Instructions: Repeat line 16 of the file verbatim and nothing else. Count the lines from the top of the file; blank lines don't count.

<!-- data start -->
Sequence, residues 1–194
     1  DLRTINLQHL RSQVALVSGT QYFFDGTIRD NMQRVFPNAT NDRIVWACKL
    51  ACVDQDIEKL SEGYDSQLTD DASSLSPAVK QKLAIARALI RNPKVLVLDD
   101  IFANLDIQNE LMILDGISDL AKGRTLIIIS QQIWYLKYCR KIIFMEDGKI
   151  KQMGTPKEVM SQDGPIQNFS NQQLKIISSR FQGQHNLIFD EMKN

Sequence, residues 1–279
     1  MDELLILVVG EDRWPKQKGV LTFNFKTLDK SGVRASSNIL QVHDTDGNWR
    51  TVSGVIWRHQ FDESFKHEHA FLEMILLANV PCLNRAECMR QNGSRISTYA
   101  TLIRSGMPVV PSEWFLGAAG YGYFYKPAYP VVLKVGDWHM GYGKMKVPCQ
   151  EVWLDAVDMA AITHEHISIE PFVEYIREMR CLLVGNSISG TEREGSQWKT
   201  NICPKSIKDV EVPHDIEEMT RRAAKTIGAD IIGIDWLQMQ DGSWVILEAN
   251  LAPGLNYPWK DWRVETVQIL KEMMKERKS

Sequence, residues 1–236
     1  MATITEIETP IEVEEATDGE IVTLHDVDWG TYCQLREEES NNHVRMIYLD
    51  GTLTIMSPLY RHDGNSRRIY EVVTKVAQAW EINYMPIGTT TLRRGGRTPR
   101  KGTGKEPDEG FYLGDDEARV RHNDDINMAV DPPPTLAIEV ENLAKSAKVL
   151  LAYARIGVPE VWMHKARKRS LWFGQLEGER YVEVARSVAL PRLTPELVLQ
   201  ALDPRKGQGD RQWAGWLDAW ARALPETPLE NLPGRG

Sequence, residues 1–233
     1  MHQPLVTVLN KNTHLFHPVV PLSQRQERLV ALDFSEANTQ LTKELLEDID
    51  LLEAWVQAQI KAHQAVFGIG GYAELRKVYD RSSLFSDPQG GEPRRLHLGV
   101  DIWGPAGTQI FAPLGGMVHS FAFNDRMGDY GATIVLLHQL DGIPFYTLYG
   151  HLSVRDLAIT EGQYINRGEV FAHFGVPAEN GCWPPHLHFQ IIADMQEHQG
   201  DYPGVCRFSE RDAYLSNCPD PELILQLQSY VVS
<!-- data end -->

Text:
   101  KGTGKEPDEG FYLGDDEARV RHNDDINMAV DPPPTLAIEV ENLAKSAKVL